Amaranth is a pseudo-grain native to Mexico, Guatemala, Peru and Bolivia, and was once a staple food of the Aztecs. It can be used as a gluten-free substitute for true grains, and is popular in India as a grain substitute that is permissible during the Hindu fasts of Navratri and Shravan.
These tiny seeds are highly nutritious, providing a rich source of protein, dietary fibre, pantothenic acid, B-vitamins, iron, phosphorus, zinc, magnesium and manganese. They can be boiled, like rice, ground into a gluten-free flour for baking, popped like popcorn or made into a nutritious porridge. Amaranth has a relatively strong, complex flavour, with nutty, sweet and earthy notes.
Savoury recipes with amaranth grain
As a grain, amaranth can be used to add interest to salads, curries and more. It can be cooked like rice, or puffed like popcorn.
Amaranth salad: the nutty flavour of amaranth works perfectly with tender roast cauliflower in this healthy grain bowl salad from Naturally Ella.
Vegetable coconut amaranth pilaf: a flavourful alternative to the classic rice dish, this simple dish from Kiipfit is made with sweet coconut milk, aromatic vegetables and spices for a healthy and satisfying meal.
Amaranth crackers: these healthy baked crackers from Everyday Nourishing Foods are made with amaranth and chickpea flour and seasoned with rosemary for a savoury, herby flavour that tastes great with cheese.
Banana bread: this delicious loaf cake from Saffron Streaks is another egg-free treat, and tastes great with your mid-morning cup of coffee.
How to cook amaranth
Amaranth is quick and easy to cook. Follow our simple, step-by-step instructions for perfect amaranth every time.
Step 1. Add 3 cups of water to a large pan and bring to the boil.
Step 2. Reduce the heat to low and add 1 cup of amaranth, then stir and cover.
Step 3. Simmer for around 20 minutes, until the water has been absorbed.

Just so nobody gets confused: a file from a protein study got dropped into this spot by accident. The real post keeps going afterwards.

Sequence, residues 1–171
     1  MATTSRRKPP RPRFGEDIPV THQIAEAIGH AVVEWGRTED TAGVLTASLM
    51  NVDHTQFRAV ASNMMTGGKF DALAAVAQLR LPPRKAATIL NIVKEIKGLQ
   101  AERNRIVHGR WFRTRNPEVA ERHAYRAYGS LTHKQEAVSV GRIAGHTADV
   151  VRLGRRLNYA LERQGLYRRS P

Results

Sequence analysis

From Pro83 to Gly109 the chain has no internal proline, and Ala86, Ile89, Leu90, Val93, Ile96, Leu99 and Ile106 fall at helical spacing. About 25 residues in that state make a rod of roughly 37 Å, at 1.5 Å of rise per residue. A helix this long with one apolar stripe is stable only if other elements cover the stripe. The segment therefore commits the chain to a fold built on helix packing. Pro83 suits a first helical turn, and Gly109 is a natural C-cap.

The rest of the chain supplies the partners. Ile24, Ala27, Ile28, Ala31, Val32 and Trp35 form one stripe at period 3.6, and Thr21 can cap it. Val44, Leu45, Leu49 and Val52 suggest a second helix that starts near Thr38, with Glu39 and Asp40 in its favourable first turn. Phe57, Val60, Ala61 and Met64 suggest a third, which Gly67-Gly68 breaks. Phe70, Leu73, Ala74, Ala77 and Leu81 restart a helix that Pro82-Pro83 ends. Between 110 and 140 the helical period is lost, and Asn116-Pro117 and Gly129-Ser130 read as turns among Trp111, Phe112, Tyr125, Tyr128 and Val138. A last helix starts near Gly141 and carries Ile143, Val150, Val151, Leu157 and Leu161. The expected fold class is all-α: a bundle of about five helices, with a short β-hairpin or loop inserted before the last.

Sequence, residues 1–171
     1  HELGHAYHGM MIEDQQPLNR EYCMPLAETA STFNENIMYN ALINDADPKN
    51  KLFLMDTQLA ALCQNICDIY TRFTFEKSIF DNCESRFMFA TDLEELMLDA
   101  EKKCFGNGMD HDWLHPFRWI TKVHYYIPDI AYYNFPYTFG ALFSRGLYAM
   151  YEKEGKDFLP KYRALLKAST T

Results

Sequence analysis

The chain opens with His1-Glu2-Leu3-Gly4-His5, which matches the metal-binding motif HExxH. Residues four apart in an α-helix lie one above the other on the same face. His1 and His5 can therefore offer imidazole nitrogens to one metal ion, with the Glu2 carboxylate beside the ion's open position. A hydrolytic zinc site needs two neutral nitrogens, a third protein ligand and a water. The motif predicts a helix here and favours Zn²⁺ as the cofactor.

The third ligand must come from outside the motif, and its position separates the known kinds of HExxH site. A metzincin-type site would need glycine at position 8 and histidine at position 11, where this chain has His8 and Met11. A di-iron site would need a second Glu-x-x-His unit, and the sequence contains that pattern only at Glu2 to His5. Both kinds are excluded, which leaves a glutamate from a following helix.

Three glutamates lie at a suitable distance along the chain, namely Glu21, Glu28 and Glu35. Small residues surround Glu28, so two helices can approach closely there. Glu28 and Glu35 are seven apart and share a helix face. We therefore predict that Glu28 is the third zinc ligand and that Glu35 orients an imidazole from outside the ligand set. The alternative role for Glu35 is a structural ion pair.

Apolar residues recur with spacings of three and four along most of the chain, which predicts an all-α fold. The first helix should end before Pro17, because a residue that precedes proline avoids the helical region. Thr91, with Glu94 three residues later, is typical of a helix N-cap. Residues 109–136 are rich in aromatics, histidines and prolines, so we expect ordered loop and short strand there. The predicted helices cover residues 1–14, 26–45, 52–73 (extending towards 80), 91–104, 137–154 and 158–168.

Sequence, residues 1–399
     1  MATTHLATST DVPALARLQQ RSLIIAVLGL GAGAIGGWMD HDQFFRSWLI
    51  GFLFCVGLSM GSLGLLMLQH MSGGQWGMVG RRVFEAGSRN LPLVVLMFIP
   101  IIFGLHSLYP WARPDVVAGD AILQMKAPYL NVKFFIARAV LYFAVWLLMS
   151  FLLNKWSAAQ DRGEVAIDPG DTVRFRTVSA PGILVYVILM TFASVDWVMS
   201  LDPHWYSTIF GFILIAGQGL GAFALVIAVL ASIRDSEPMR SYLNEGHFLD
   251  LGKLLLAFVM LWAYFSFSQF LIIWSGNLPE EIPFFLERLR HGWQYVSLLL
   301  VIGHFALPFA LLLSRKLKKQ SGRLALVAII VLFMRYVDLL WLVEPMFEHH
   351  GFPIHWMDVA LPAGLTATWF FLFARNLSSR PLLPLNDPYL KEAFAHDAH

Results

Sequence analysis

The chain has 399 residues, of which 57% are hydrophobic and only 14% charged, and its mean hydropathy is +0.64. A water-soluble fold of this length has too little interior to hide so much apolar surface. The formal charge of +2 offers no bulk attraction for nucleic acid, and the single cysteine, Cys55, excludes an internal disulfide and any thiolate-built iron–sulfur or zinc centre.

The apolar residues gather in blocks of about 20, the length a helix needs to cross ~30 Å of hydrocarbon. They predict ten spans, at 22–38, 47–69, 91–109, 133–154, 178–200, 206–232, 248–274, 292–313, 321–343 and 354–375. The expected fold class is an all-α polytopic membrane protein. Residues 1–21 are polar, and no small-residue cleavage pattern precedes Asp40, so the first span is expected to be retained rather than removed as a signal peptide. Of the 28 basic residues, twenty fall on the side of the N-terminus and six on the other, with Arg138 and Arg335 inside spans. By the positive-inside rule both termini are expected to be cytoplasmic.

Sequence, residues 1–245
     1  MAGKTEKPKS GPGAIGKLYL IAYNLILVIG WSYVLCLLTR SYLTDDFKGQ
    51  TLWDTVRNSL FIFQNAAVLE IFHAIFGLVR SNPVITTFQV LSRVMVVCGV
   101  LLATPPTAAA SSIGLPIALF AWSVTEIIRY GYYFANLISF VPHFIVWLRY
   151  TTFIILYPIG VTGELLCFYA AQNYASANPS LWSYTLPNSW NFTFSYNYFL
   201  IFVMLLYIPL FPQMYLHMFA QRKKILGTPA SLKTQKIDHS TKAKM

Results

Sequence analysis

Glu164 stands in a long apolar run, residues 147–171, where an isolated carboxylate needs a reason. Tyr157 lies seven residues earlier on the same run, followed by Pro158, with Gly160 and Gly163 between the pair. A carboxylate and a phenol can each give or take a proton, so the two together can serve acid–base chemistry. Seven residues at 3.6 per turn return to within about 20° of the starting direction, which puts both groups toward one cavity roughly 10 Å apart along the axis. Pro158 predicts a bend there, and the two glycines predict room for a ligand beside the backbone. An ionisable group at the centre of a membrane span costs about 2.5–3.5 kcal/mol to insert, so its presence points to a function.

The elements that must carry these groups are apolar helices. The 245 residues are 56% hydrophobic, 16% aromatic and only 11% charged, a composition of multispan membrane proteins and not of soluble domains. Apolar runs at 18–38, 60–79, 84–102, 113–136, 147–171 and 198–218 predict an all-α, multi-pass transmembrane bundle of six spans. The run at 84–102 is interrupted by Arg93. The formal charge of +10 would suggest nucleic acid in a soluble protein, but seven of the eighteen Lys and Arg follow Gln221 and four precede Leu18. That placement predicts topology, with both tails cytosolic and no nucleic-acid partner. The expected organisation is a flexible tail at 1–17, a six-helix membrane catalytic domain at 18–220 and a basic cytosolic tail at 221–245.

Step 4. Serve and enjoy.
How to use amaranth leaves
Amaranth is known mainly for its seeds, but many varieties also have edible leaves, and in some East Asian countries the plant is cultivated for its leaves rather than its seeds. Amaranth leaves have a slightly sweet, spinachy flavour, and are sometimes referred to as Chinese spinach. They are used in similar ways to spinach and other leafy greens, and can be added raw to salads, or used in stir-fries, soups, and curries.
Amaranth vs quinoa
Amaranth is the less well-known relative of quinoa, another pseudo-grain with many similar qualities. Both seeds are highly nutritious, and can be used in grain bowls or made into a gluten-free flour. Both too are native to Latin America, where they have been cultivated for thousands of years, and while amaranth was an important crop to the Aztecs of modern-day Mexico, quinoa held a similarly high status for the Incan people of modern-day Peru.
There are several differences between the two, however, with the most immediately obvious being their size. Both are relatively small seeds, but quinoa is larger than its tiny cousin, and provides a denser, more textural addition to salads and grain bowls. However, in terms of flavour, amaranth packs a bigger punch, with a bolder and more complex flavour profile than the famously mild quinoa.
The nutritional profiles of these two pseudo-grains are largely similar, with both providing a rich source of many important vitamins and minerals. Quinoa is higher in protein and certain B-vitamins, and slightly higher in fibre, while amaranth is lower in calories and carbohydrates, but higher in iron and potassium.
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